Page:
When a serious discussion of counterfeit drugs is held, China and India invariably come up in the conversation. That is not a surprise. The FDA says those two countries now account for 80% of the drugs and ingredients now sold in the U.S. And both are known to have lax regulatory systems.
China, egged on by local media, has been making some high-profile efforts. Earlier this year it announced that it had sent out 18,000 Chinese police officers to round up nearly 2,000 drug counterfeiting suspects. They were said to have destroyed 1,100 production plants. The fake drugs they confiscated were valued at $182 million. The Ministry of Public Safety said the counterfeits had been advertised to treat everything from hypertension to cancer and rabies.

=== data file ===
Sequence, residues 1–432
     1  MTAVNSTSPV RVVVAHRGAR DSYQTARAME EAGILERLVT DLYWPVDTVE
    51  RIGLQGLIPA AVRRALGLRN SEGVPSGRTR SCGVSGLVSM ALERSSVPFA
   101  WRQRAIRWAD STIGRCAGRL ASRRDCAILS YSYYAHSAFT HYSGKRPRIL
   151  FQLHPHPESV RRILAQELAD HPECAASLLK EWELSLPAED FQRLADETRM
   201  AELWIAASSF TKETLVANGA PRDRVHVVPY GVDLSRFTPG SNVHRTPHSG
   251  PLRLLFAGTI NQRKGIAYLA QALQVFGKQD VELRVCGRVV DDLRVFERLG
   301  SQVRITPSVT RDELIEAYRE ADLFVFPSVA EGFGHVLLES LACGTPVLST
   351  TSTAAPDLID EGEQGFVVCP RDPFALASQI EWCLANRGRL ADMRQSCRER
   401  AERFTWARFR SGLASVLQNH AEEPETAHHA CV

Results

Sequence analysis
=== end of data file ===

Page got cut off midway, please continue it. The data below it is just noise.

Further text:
While an impressive display of might, the bigger problem is that China and India are believed to account for about 80% of APIs sold in the U.S. and both countries are known to have lax oversight. An investigation by Reuters recently found that drugs that are still protected by patents, or worse yet, have been banned in the U.S., can be found for sale in China over the Internet. A consultant who audits Chinese API makers for drugmakers told the news service that it is not uncommon to find plants, with biosuited employees and manufacturing equipment, which are obvious fronts for companies that buy cheap APIs, substandard or worse, and offer them for sale.